While there is plenty to look forward to this year as Red is in the midst of completing commissioned projects by Google Singapore and STAR Walk of Fame, KLCC, she is also excited to share more about her eggshell series project which she has aptly named Future Relics. The series comprises 15 pieces of artworks featuring traditional Chinese vases depicted through cracked eggshells laid on painted timber panels. “The idea came about when I thought to myself, in a 100 years’ time when humanity looks back on history, what are they going to think about the people living during our time? I wanted to talk about what it is like living in our time and this series addresses the various issues that an Asian woman is facing in today’s world,” Red elaborates further, citing that the issues include current politics, social issues and popular culture that have played a role in shaping her identity as an (Southeast) Asian female in the 21st century. Among the more interesting issues she will address in this current series include the LGBT rights movement, breast cancer and body image and the conundrum of a married woman on sacrificing her career for family. Red has also dedicated one artwork to the #MeToo movement which has gained traction over the year, incorporating symbolisms of two rabbits and a rice bowl inside the vase. “In China, the #MeToo hashtag is censored so to get around that, women in China have resorted to using emojis of bunny heads and rice bowl to expose sexual harassment,” Red elaborates, pointing out that that the term rice bunny is pronounced as “mi tu” in Chinese.
I ask Red if she has ever personally encountered a similar experience given her exposure in the art world but she responds with a no. “As I was working on this project, I was reflecting on my career and my assistants asked me the same question. My clients and collectors have been really respectful but I think society may be the cause behind what hinders women and it may even come from within ourselves. Male artists are featured more pre-dominantly compared to female artists because family becomes an issue for women so they tend to hold themselves back. That makes me wonder, in today’s society, what would a healthy partnership look like?”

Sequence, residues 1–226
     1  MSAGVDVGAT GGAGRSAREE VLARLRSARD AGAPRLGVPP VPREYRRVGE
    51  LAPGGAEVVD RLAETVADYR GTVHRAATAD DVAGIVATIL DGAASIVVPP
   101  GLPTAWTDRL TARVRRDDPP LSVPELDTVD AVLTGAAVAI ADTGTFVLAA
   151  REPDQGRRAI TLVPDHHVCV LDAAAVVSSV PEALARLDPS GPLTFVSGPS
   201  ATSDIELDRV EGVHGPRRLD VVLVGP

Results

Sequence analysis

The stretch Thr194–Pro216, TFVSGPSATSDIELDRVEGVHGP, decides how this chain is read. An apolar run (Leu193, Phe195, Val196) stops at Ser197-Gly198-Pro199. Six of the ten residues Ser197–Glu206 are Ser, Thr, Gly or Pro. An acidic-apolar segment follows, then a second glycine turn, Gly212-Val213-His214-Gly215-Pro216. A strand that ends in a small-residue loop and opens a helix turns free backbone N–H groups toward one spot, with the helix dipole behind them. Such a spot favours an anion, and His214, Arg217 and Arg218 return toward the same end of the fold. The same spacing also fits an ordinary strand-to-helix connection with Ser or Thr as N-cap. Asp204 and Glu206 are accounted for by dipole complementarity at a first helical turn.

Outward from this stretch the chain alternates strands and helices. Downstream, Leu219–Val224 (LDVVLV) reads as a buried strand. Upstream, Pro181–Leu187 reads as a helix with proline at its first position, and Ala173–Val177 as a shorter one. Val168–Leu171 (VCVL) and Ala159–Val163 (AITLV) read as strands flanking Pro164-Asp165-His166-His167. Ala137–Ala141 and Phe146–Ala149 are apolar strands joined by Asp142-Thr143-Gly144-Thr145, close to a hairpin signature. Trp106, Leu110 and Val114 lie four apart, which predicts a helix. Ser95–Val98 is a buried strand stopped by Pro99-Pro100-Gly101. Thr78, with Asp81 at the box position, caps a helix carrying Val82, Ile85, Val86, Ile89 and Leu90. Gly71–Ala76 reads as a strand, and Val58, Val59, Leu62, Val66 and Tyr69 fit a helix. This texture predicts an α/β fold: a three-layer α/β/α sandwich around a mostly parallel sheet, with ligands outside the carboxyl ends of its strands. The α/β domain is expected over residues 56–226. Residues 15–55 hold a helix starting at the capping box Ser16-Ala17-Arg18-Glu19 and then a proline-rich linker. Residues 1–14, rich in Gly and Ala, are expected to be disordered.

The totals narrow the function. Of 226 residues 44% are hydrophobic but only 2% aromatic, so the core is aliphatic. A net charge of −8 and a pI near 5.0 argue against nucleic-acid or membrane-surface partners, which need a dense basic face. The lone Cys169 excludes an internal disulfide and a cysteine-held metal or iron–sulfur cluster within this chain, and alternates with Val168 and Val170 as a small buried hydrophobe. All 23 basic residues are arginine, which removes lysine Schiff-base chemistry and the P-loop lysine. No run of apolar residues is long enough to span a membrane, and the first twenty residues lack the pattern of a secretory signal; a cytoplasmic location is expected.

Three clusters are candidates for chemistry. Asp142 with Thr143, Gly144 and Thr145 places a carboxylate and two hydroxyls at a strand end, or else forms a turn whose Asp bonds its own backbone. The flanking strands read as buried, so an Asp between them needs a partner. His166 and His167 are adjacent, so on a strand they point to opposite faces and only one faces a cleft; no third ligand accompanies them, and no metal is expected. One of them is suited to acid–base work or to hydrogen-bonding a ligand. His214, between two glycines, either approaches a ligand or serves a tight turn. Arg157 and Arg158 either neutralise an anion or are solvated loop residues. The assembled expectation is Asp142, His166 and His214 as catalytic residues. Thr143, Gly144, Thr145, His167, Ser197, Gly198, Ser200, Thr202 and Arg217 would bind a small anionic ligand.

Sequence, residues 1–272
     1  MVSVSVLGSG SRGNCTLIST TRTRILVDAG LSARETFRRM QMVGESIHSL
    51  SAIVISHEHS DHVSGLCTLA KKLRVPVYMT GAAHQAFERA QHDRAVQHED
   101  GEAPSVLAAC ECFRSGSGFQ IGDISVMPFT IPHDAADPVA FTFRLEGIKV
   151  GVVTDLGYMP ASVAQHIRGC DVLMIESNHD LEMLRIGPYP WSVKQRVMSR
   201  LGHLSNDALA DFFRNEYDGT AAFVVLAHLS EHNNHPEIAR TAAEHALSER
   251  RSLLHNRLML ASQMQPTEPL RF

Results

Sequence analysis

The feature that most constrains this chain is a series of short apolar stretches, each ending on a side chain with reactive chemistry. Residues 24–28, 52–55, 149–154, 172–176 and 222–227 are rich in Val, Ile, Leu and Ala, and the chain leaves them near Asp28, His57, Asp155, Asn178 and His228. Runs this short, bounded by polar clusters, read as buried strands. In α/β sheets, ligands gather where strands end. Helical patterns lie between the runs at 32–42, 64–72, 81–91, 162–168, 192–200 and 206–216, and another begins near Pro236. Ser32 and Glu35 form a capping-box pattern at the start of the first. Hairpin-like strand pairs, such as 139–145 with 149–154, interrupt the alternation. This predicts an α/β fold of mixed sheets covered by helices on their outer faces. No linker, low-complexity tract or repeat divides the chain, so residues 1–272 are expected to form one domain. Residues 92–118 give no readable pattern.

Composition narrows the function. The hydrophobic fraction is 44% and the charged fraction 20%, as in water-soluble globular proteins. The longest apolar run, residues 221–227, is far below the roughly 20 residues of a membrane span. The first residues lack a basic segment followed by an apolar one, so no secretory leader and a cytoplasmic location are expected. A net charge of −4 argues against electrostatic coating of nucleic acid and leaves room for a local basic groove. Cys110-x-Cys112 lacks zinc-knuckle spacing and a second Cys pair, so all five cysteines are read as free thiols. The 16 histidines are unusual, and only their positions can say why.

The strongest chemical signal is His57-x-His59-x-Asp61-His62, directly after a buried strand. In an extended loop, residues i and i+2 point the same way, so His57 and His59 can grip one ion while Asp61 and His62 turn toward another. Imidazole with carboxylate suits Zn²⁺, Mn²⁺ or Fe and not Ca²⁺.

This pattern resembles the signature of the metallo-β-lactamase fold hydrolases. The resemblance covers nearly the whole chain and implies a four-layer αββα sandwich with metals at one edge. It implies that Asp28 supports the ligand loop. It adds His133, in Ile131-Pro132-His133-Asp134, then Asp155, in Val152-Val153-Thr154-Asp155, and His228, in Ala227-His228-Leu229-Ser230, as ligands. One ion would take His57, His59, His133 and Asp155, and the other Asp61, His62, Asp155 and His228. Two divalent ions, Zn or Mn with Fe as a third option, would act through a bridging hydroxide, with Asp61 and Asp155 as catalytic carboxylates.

Immersing herself in her art for the past five years, the artist has now taken on a different path, with the intention to create more than just beautiful artwork. “I want my artwork to have more of a meaning instead of creating something that is just aesthetically pleasing. I want people to relate and interpret the pieces by themselves as some of them are quite abstract. I want my pieces to tap into my heritage of being a Chinese and be inspired by my culture and my roots,” she says earnestly.
As part of her quest to find greater meaning within her work, Red dived deep into her past and discovered that her granduncle was a talented artist who served during the communist revolution. He was hired to be an artist to create propaganda posters for the revolution. “I saw his artwork and told him that I wanted to learn from him but he refused to paint anymore as it brought back scarred memories. The notion that he was going to throw his paintbrushes away came to me and I thought hard about it before deciding that I will use other materials to express my work instead of the conventional way of painting. That made me want to express things like culture, family and history through my art,” she sums up deftly.